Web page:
Energy

Ohio Producing 1000% More Natural Gas Than 10 Years Ago

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Andrew Follett Energy and Science Reporter
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Ohio is producing 1,000 percent more oil and natural gas than it was in 2006, according to a report published Thursday.

The state’s energy production is still surging, as its natural gas production grew 41 percent faster last year than it did in 2014, according to the Energy Information Administration

“The energy renaissance that’s transforming our nation is bringing great benefits to Ohio including jobs in the state. In fact over 255,000 jobs are supported by the oil and natural gas industry in Ohio,” Jack Gerard, the president of the American Petroleum Institute, wrote in Your Oil And Gas News. “Over the last decade, natural gas production has increased by more than 1000 percent in the state due in part to the technological advancements in hydraulic fracturing that has contributed to Ohio’s energy revolution.”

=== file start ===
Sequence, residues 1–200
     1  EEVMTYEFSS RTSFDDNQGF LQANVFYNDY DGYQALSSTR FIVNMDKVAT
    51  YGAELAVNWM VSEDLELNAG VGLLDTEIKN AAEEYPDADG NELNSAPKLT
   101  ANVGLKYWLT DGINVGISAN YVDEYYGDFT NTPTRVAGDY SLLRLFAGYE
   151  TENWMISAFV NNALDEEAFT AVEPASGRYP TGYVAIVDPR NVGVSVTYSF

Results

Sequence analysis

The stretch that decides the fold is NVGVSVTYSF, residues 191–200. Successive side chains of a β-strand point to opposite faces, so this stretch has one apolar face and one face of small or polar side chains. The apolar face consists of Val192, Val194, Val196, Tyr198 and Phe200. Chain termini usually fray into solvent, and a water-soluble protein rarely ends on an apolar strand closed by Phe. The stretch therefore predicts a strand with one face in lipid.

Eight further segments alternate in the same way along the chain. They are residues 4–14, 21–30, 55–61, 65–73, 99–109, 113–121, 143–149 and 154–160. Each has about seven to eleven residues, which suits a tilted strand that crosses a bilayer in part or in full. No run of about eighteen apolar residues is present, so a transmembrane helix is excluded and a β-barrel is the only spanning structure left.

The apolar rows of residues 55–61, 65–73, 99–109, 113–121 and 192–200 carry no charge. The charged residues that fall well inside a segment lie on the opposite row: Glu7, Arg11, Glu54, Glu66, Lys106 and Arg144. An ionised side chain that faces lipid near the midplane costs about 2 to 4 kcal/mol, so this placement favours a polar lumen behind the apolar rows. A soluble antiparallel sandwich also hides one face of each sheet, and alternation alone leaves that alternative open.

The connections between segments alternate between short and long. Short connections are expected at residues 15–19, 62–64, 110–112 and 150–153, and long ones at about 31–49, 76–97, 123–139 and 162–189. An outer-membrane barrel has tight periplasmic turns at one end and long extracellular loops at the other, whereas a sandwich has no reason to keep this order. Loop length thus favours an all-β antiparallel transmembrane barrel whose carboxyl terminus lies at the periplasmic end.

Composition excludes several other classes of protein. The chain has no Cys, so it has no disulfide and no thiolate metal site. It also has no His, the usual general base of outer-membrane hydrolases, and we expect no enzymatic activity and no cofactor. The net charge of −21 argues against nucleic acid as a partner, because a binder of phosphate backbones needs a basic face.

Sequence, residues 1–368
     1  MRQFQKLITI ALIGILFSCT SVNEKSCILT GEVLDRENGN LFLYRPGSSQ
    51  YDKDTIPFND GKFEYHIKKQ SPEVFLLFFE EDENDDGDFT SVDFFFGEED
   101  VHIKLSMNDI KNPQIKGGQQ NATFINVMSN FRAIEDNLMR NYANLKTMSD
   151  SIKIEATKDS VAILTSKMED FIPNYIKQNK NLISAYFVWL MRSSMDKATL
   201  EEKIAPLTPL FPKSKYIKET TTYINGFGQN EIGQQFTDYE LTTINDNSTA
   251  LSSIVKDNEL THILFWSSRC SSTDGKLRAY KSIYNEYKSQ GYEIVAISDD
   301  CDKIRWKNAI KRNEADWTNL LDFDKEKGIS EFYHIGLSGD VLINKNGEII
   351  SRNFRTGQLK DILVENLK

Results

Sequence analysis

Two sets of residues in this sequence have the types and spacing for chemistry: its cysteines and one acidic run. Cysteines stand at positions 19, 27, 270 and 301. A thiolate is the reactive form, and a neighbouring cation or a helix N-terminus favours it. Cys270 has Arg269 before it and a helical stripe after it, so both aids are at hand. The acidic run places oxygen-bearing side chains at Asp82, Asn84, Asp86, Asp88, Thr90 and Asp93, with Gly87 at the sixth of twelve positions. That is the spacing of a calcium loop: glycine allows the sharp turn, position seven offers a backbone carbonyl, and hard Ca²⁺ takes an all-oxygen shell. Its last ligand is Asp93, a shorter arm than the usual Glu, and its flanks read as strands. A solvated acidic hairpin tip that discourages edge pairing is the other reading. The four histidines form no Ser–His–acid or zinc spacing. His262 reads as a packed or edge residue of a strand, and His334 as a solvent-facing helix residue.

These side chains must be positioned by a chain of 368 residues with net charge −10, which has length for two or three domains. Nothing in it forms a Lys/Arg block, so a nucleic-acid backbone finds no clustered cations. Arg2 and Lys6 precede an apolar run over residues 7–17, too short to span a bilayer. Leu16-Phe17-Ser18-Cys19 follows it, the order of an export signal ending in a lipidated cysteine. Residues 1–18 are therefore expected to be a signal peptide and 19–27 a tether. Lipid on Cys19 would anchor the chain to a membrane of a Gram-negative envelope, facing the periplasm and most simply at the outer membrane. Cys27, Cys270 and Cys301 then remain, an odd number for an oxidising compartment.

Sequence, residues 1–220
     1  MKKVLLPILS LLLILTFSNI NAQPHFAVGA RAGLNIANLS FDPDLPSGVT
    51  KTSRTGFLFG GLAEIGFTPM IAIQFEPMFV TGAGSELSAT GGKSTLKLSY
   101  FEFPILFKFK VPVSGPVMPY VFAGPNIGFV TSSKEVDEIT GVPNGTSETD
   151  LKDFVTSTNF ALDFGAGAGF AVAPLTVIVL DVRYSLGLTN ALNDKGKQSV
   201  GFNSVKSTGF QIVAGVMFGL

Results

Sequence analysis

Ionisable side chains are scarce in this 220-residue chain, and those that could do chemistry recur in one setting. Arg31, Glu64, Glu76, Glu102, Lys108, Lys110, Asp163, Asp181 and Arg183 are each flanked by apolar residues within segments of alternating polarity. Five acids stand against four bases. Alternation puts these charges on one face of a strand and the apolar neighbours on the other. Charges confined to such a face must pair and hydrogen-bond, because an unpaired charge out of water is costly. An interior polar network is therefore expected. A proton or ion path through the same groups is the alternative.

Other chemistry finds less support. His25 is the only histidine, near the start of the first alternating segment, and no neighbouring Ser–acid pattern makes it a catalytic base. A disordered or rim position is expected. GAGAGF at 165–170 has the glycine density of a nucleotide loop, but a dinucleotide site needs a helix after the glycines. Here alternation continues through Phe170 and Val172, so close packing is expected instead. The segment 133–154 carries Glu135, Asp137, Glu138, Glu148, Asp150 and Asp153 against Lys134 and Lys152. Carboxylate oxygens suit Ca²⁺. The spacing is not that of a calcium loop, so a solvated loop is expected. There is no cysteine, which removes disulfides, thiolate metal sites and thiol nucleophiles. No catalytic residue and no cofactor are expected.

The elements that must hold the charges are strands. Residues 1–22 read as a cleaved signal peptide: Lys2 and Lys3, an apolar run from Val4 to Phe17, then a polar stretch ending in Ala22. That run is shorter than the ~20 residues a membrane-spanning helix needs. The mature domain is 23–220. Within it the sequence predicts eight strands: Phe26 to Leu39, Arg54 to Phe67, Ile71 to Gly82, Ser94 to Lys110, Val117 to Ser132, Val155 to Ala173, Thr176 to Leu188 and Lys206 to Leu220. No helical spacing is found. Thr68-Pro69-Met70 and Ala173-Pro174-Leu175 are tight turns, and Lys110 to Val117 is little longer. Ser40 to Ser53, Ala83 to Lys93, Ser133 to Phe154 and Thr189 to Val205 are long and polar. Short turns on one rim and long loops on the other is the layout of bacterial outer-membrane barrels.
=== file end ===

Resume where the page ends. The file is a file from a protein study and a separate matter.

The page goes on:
America produced 79 billion cubic feet per day of natural gas in 2015, breaking the previous record by 5 percent, according to the EIA. Most of that natural gas boom in 2015 was concentrated in Pennsylvania, Ohio, West Virginia, Oklahoma, and North Dakota. Together, these states accounted for 35 percent of total American natural gas production while the rest of the country saw a modest decline.

America surpassed Russia’s energy production early last year as as the world’s largest and fastest-growing producer of oil and natural gas. Today, America’s proven recoverable natural gas reserves are seven times larger than they were in 2014.

Republicans in both state legislative chambers of Ohio have a long history of being hostile to green energy. Late last year they attempted to gut an Ohio law mandating the state get 25 percent of its power from green energy by 2025, despite reported veto threats and hostile rhetoric from Republican Gov. John Kasich. The governor has long been at odds with his own party over the state’s energy future. Ohio’s green energy mandate is responsible for 29,366 lost jobs and caused a $3,842 reduction in average household income, according to a study by Utah State University.

Rising U.S. natural gas production has made gas the fuel of choice for America’s power plants, which were transitioning to natural gas before 2015. Natural gas provided more electricity than coal for every month between July and October of last year, according to data released in December by the EIA.

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